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EU greenlights 1 billion Greek state aid for renewable energy projects


In a significant move towards bolstering renewable energy infrastructure, the European Commission has given the green light to €1 billion in Greek state aid measures. These measures aim to support pioneering projects focused on both the generation and storage of renewable energy within Greece.

Boosting renewable energy integration

The approved projects are set to play a pivotal role in aligning with Greece's climate and energy objectives, as well as the broader goals of the European Green Deal and the 'Fit for 55' package. By facilitating the integration of renewable energy sources into the Greek electricity system, these initiatives mark a crucial step forward in advancing sustainable energy practices.

Faethon project: a leap towards solar power

The Faethon Project, a centerpiece of this endeavor, will see the construction of two photovoltaic units, each boasting a capacity of 252 MW. Accompanied by cutting-edge molten-salt thermal storage units and an extra-high voltage substation, this initiative is designed to enable efficient electricity generation throughout the day, with surplus energy strategically stored for peak consumption periods.

Seli project: pioneering grid stability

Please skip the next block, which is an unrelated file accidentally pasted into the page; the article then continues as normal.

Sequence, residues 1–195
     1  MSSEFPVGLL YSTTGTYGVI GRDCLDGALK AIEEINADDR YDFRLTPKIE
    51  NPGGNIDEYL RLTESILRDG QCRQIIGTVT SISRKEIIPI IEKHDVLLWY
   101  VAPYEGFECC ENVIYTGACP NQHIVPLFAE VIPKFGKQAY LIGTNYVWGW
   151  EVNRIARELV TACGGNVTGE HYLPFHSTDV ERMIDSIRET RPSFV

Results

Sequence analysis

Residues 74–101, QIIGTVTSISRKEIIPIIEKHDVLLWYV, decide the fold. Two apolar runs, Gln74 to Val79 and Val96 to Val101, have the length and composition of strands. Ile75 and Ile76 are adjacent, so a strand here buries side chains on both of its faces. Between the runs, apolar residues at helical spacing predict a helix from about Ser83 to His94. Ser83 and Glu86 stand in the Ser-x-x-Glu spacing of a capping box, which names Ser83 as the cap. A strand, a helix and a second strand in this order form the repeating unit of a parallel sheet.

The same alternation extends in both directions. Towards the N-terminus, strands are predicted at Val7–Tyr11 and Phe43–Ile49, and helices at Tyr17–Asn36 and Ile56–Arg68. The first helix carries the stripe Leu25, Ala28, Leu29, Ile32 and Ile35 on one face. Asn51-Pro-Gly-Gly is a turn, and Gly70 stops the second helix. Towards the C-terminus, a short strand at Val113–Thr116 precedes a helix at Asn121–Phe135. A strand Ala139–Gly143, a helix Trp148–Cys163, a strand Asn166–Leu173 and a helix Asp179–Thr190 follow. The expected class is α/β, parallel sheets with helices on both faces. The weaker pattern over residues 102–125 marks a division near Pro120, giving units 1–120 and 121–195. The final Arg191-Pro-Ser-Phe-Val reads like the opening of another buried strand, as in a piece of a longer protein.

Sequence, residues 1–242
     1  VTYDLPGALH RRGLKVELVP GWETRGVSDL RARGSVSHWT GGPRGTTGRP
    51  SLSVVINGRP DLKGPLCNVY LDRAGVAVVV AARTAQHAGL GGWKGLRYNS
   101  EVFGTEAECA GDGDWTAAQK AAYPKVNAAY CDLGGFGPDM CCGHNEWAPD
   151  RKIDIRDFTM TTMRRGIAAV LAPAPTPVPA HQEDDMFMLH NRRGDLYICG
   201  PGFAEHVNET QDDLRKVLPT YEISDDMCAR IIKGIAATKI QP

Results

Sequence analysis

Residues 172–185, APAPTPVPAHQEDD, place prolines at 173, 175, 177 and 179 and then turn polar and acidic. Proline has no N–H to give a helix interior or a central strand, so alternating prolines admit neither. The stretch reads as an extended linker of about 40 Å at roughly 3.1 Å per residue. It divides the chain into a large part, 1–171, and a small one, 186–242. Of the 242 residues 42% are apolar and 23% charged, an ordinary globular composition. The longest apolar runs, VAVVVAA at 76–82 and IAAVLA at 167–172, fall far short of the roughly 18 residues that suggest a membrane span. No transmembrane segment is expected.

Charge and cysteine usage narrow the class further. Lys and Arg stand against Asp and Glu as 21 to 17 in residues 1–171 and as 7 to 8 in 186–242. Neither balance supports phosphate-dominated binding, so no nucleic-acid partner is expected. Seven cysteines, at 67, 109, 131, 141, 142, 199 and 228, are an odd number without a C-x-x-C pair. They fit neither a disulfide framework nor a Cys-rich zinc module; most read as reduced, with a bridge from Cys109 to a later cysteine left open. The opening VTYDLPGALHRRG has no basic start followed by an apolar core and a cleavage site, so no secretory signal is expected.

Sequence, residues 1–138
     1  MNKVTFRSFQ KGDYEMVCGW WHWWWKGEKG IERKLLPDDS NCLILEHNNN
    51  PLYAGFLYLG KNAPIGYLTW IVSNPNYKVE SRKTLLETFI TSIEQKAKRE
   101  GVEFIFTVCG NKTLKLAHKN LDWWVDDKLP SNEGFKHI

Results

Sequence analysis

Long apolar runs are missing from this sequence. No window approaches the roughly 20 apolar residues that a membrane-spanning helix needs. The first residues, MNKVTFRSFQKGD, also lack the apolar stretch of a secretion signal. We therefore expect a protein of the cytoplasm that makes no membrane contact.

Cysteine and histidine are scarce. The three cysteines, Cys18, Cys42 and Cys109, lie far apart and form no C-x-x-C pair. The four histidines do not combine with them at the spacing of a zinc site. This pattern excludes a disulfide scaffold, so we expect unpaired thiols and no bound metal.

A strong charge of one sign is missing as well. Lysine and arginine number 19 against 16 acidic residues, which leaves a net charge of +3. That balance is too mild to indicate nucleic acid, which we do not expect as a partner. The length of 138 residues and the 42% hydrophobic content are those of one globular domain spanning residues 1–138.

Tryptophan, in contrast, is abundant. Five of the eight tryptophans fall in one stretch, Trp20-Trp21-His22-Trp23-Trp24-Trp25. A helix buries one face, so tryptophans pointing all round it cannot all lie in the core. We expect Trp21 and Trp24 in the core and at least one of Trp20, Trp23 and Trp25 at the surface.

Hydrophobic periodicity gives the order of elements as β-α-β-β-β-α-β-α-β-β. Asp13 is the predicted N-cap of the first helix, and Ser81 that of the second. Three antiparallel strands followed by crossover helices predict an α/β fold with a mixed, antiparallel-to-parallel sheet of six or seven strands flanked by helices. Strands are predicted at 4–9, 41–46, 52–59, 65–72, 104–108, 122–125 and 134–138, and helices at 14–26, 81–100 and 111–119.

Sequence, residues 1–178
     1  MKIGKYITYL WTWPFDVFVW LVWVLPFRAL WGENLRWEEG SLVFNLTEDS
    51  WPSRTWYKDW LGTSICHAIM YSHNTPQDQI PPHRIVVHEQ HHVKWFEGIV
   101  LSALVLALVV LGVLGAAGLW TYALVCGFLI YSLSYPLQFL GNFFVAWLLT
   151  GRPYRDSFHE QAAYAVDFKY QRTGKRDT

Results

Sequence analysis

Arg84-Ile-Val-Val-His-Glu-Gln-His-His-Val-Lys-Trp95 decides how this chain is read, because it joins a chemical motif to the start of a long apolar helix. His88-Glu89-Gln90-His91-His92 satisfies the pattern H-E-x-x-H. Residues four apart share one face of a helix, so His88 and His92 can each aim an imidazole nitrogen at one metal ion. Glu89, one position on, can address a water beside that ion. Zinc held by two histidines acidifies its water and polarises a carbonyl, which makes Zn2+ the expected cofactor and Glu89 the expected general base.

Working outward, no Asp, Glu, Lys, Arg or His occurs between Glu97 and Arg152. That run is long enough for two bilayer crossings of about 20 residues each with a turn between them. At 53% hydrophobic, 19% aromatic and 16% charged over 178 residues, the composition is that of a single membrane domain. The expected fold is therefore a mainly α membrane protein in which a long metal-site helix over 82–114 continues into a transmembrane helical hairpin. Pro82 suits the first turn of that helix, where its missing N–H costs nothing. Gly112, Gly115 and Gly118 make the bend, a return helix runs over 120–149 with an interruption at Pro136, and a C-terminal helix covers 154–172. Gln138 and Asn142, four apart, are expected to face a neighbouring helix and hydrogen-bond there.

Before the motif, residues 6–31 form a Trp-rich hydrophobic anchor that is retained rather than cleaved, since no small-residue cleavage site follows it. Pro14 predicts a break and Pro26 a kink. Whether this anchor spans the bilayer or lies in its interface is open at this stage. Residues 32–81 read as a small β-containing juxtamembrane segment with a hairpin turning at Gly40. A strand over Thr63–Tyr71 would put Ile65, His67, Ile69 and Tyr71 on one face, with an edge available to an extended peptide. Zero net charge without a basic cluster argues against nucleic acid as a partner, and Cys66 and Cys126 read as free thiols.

Complementing the Faethon Project, the Seli Project focuses on constructing a 309 MW photovoltaic unit integrated with a lithium-ion battery energy storage system. This innovative setup aims to optimize electricity generation while enhancing grid stability, ensuring a seamless transition towards renewable energy dominance.

Aid mechanism ensuring long-term stability

Underpinning these projects is a two-way contract for difference spanning two decades. This mechanism ensures price stability for renewable energy producers, balancing returns in periods of varying market prices. The aid structure safeguards against overcompensation, fostering a sustainable environment for renewable energy investment.

Commission's thorough evaluation

The Commission's approval, in line with EU State aid rules, underscores the projects' alignment with decarbonization objectives. Notably, the aid's limited impact on competition and trade within the EU reflects a well-calibrated approach to fostering innovation and sustainability.

Looking ahead

These approved measures represent a significant stride towards bolstering renewable energy infrastructure in Greece. By leveraging state aid to support groundbreaking projects, Greece and the EU are poised to accelerate the transition towards a greener, more sustainable future.

Margrethe vestager's perspective

Commenting on the approval, Margrethe Vestager, Executive Vice-President in charge of competition policy, emphasized the transformative impact of these measures. Vestager highlighted their pivotal role in advancing the green transition while mitigating potential distortions to competition, underscoring their alignment with EU climate neutrality targets and the Solar Energy Strategy.

With the Commission's stamp of approval, Greece is set to lead by example in embracing renewable energy innovation, charting a course towards a cleaner, more resilient energy landscape.

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